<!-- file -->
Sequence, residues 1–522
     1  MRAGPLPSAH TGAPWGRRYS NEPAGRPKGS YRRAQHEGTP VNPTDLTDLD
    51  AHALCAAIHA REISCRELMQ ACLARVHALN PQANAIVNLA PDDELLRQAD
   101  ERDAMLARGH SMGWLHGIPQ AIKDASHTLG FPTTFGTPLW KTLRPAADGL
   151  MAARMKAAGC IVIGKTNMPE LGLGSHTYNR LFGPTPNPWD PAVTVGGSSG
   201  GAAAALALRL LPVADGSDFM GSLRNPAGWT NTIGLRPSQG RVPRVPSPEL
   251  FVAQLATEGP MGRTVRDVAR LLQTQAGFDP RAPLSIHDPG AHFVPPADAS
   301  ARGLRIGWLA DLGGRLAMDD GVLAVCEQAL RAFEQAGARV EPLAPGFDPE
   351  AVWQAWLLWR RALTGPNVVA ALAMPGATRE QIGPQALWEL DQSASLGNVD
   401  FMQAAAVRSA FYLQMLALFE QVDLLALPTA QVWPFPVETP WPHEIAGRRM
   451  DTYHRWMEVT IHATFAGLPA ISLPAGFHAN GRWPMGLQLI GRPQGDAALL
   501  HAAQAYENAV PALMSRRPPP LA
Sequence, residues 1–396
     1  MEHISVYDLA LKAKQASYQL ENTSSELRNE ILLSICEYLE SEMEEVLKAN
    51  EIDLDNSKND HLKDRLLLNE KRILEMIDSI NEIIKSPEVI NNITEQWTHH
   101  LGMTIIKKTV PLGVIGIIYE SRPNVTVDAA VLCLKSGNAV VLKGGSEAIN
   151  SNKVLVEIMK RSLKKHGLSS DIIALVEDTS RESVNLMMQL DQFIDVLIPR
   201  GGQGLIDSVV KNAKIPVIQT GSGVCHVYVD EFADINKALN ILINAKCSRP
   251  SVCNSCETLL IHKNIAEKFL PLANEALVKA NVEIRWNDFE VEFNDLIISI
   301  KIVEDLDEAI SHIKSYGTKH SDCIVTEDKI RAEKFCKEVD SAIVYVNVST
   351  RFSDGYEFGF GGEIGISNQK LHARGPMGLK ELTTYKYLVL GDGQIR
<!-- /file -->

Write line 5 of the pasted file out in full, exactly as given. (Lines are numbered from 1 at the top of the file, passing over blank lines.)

   151  MAARMKAAGC IVIGKTNMPE LGLGSHTYNR LFGPTPNPWD PAVTVGGSSG